Seasonal Southwest Stirs
  |  First Published: November 2005

November is when things really start to fire up in the southwest. Although it seems to take that month longer for the season to get going down this way, it’s certainly worth the wait!

Local rivers such as the Curdies and the Hopkins begin to clear and the bream spread out over a greater area, having completed their spawning run. This makes them a more viable target for boat and bank anglers. With clearer water it’s also a good time to try both artificial lure and bait techniques.

Yambuk Lake has been producing some good bream captures recently, mainly on baits such as podworm and grey back. The Hopkins River will be hosting the ABT Bream Classic competition on the weekend of December 4 and 5. The classic runs to the standard ABT format with teams of two using lure or fly techniques to produce a bag of five live bream. These fish are weighed in and then released. The field is restricted to a minimum of 40 boats.

At this time last year the Hopkins was producing some excellent bream fishing on soft plastics, although it will be interesting to see what effect a tournament field of 40 boats has on the fish. However, it is this challenge that makes this kind of tournament fishing interesting. Best of all, the fish go back into the river for next time.

Last year around late November, the Hopkins experienced a good run of school mulloway. Unfortunately, for those competing in the ABT event, the pre-fish ban will limit opportunities to target these fish this year. Luckily, there are other locations down this way that produce mulloway, such as the Moyne River and several of the local beaches. A trip to the Glenelg River at Nelson isn’t too far away either. There have been some good mulloway catches in the Glenelg already this season. Sometimes it’s best to source live mullet from the Hopkins or the Merri before you get to Nelson. If the mulloway are in good numbers then livies can be hard to get down there sometimes.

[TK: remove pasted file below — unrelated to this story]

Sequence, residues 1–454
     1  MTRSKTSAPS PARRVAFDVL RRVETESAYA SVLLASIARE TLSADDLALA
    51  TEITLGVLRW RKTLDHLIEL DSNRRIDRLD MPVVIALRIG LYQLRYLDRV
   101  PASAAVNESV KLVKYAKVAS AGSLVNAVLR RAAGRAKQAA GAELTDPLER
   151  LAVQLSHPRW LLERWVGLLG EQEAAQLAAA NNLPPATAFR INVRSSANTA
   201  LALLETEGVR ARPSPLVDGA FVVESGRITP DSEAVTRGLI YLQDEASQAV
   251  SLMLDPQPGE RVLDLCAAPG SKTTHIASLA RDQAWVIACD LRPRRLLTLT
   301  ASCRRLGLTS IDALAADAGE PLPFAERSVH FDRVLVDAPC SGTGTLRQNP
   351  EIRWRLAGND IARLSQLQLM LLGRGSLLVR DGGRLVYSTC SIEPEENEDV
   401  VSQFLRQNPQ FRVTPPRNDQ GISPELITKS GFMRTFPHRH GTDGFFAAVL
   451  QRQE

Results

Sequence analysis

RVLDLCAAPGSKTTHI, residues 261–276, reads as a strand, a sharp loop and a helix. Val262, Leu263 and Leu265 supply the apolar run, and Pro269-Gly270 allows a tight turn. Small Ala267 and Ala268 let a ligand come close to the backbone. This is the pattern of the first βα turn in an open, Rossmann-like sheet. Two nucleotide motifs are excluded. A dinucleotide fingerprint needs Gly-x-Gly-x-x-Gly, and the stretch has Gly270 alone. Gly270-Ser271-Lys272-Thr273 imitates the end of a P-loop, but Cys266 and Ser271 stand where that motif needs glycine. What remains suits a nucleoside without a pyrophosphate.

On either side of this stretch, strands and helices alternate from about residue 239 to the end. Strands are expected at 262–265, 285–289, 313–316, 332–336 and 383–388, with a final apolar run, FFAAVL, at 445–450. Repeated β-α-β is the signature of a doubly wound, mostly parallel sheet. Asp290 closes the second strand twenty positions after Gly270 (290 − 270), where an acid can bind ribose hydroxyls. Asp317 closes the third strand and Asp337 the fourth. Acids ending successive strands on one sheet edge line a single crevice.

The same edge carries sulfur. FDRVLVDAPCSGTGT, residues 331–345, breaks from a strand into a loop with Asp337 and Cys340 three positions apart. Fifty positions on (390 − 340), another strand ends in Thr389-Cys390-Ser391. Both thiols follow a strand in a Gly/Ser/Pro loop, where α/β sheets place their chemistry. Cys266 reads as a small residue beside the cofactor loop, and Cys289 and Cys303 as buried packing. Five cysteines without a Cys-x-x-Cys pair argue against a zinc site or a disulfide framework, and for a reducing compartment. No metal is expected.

Estuary perch, which have been very quiet over the last few months, have started to move and should be viable targets through November. Any calm and humid night is worth a trip out on the water. If you’re up for a challenge then try targeting them with surface lures.

The inshore run of snapper is usually well underway by the end of the month. Most snapper caught in the southwest of the state are regarded as pinkies. Large snapper are taken in the area, but 95 per cent of the time the fish will be somewhere between 27 and 50cm. This might seem disappointing to chasers of big reds, or those of you fortunate enough to live in areas more conducive to large snapper, but there are positives. Unlike many excursions chasing large fish, most well-organised outings down here will succeed in catching at least a few pinkies.

Another benefit is the variety of other fish that live in the same area and take similar baits. Long waits are unusual, particularly with a little berley. Travelling a long way is not always necessary and good fishing can be encountered in a radius of 0.5km from all the ramps. That’s pretty handy these days given the high price of petrol.

Local beaches and break walls also produce fish although the time of day is probably a more important factor than location. An early start, to ensure baits are set between first light and sunrise, usually produces some action. Late afternoon to dusk is also productive, but is often unfishable due to afternoon sea breezes, which are common during the warmer months.

* Ainsy can you put in a generic Mulloway shot that you haven’t used from the bunch I sent .

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